• 8 p.m. April 7 @ Chicago Bulls
  • 3:30 p.m. April 10 @ Miami Heat

During every NBA season, each and every team will go through ups and downs in terms of intensity of the schedule. This season's schedule layout seems relatively forgiving for the C's, with their longest road trip being four games (they will do that four times) and their longest homestand being six games, but there are still some difficult areas on the schedule.

Eighteen back-to-backs are on tap for this season, which is equal to last season's total. Six of those are back-to-back road games, while none are home-and-homes.

As far as difficult stretches, there are two that stand out and look like they'll be challenging for the C's heading into the season.

Opening up against Miami will obviously be a tough one, but the schedule doesn't let up at all over the first two and a half weeks of the season. Including the opener against the Heat, Boston will play eight of its first 10 games against teams that are expected to make or challenge for the playoffs.

The second tough stretch will not come until Jan. 27 when the Celtics begin one of their season-long four-game road trips out West. The trip will include games against the likes of the Portland Trail Blazers, Phoenix Suns and Los Angeles Lakers in a four-day span. After finishing up the road trip in Sacramento, the C's will head back east to continue the tough stretch.

Four of the next five games will be at home, but all four are against teams expected to challenge for the championship this season. Dallas, Orlando, the Lakers and Miami, respectively, will all make stops in the Garden between Feb. 4 and 13. And oh yeah, Boston will make a stop in Charlotte, an Eastern Conference playoff team last season, in the middle of that stretch on Feb. 7.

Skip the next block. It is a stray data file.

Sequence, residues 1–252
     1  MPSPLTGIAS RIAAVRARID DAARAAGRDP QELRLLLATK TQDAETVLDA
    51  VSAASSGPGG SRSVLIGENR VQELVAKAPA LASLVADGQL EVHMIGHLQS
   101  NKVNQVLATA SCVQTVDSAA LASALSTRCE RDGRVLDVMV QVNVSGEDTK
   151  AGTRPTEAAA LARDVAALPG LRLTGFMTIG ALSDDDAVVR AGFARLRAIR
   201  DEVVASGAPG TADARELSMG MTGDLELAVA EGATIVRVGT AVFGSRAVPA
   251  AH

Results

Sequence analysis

All in all, it's a nine-game stretch over 18 days that includes eight playoff teams and a four-game West Coast trip. Luckily for the C's, they'll have only one game after that, against the New Jersey Nets, before they get some time to recover over the All-Star break.

With that group of games out of the way, it looks as if the Celts will have a relatively painless schedule after the Feb. 13 matchup with Miami. They will head out West for the annual post-All-Star break road trip, but the trip shouldn't be overly demanding. There are no back-to-backs during the trip and the C's will take on the Warriors, Nuggets (who may be without Carmelo Anthony by that point), Clippers and Jazz, respectively, from Feb. 22-28.

They'll return home to kick off a 16-game month of March, but the good news is that only one of the 16 games is against a team that is considered to be a title contender -- the San Antonio Spurs, who will take on the C's on the 31st. From the beginning of March through the end of the season, Boston will play 24 games and only three will be against teams thought to be elite (San Antonio, Chicago and Miami).

That's the good news about the stretch run of the season. The bad news is that the Celtics, who learned last season how important it is to rest properly heading into the playoffs, will finish the season with nine games in 14 days, including three back-to-backs. Such a stretch could be hard on the team if it runs into the predicament of choosing between playing for a higher seed or resting its players for the postseason.

Boston has already shown that it can succeed in the playoffs by ignoring seeding and resting up for a title run, but that formula has been far from the norm over the NBA's history. When the time comes to make that decision, you can be sure that the country will be watching. Because if there's anything that's certain after looking at the NBA schedule, it's that the C's will be in the national spotlight from start to finish.